While I am delighted with my retro computer and console collection, there is one item missing that causes me sadness.
My childhood “TV Sports System”
Video Game Pre-History
Before home computers were commonplace, heck before they were dreamt of, before even games consoles were commonplace, there were computer games.
Many people think Pong was the first, but even Pong had predecessors. One of the most famous was Spacewar – a two-player space-shooter (as the name clearly evokes) that was played on the primitive cathode-ray tubes meant for oscilloscope action more than vector graphic warfare.
Programmed on notepads, then compiled on fridge-sized “Mini” computers, those students, faculty, and researchers played and developed the seeds of everything we take for granted today in video gaming.
You can read in-depth about the surprisingly exciting computing big-bang period in the wonderful book Hackers by Steven Levy.
While Pong wasn’t the first video game or even the first arcade video game, it certainly made a huge impact.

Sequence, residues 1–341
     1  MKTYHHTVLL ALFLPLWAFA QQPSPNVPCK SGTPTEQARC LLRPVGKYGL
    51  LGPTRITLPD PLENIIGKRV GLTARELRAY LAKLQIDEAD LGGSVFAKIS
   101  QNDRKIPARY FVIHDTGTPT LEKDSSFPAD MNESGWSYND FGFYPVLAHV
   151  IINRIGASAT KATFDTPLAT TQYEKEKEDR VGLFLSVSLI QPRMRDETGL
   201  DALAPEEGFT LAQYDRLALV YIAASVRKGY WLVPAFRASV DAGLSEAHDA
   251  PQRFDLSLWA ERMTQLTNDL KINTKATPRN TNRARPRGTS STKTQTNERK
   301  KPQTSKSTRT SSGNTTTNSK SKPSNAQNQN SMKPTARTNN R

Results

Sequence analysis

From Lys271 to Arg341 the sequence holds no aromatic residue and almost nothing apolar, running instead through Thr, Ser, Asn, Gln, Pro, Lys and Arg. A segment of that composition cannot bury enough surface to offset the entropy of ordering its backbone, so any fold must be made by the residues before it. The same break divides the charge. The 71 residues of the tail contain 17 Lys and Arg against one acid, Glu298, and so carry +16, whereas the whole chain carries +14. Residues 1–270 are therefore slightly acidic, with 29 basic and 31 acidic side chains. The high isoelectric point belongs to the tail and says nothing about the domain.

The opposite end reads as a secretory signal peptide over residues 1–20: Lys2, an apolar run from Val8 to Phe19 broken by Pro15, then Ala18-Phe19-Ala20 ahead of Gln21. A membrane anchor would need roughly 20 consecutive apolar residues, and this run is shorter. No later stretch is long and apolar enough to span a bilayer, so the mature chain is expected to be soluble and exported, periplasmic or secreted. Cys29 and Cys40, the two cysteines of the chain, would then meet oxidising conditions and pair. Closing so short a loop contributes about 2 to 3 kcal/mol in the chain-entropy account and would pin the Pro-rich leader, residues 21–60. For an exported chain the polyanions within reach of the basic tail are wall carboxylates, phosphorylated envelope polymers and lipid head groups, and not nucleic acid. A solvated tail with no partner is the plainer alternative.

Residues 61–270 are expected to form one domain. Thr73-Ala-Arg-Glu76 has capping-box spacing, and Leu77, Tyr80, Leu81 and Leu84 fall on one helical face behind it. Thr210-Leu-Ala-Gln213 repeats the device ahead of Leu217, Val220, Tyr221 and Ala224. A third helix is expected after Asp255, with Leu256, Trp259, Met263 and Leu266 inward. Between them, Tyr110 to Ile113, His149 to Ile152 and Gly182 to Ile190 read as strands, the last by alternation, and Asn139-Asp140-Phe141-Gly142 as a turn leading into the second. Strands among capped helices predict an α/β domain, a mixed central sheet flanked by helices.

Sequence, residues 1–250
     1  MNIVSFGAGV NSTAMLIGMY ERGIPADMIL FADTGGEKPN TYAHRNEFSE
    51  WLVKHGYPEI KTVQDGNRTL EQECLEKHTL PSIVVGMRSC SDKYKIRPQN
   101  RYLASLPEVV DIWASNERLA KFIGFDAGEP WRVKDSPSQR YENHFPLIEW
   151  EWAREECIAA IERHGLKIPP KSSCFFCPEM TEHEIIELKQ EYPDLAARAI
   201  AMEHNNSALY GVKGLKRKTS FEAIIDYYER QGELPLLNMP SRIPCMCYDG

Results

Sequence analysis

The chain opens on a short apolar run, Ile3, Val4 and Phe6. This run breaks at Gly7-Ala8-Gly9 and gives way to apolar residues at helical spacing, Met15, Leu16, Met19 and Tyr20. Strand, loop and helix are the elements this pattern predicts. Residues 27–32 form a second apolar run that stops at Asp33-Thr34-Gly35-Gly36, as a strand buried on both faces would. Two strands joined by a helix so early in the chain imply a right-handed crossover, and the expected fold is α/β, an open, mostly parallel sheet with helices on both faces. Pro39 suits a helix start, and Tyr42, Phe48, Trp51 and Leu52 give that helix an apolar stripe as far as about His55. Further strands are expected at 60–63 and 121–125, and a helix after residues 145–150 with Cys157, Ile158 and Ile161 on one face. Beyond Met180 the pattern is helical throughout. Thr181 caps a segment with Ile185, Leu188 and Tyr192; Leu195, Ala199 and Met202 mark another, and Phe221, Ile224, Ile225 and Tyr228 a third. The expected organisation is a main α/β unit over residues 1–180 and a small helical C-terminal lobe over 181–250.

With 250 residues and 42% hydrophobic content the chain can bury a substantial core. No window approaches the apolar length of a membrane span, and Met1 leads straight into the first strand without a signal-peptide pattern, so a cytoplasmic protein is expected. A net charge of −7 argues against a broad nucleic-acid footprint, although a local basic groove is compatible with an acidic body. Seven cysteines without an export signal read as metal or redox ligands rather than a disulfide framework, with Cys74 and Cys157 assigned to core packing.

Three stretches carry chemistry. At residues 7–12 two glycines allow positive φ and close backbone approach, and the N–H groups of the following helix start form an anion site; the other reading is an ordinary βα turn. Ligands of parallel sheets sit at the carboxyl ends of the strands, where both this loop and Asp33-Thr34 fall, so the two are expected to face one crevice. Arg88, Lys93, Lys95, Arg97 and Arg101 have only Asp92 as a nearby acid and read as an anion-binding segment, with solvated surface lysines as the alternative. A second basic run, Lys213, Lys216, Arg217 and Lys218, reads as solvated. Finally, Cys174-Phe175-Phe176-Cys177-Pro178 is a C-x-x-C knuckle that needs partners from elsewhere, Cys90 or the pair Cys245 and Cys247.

Once Pong had proved it had a lasting (for the market anyway) mass appeal, the home versions arrived.
It wasn’t long until the marketing folks realized there was money to be made, the embellishments into crude “Sports Simulation” had begun.
One of the companies to get in on the action was a little brand called … Nintendo!
These second-generation Pong units were my gateway into video games.
Image Source Ebay
There were thousands of these, many of them based on identical “pong on a chip” chipsets, or purely white-labeled. Early versions were white on black, with later models having colour and sound (bleeps and boops, nothing fancy).
Ours was The Radiofin TV Game, made by a company based out of London. It hooked right up to the aerial socket of the TV and you had to tune the TV to that signal.
While it really had 7 games built-in, it misleadingly advertised 10 (the actual games were soccer, hockey, tennis, shooting, basketball, and squash, plus a “grid” game) but they were all variations on Pong. Square “ball” is hit by one or two “bats” using analog sticks.
The funny thing is I think we played the basic “tennis” (aka Pong) the most. Skeet shooting was fun, though.
Check out this video by Nostalgia Nerd …
Those were simpler times!
We were engrossed, though, at least until replaceable games cartridges came along, and the era of the Atari was here …
… I still miss my Radofin 🙁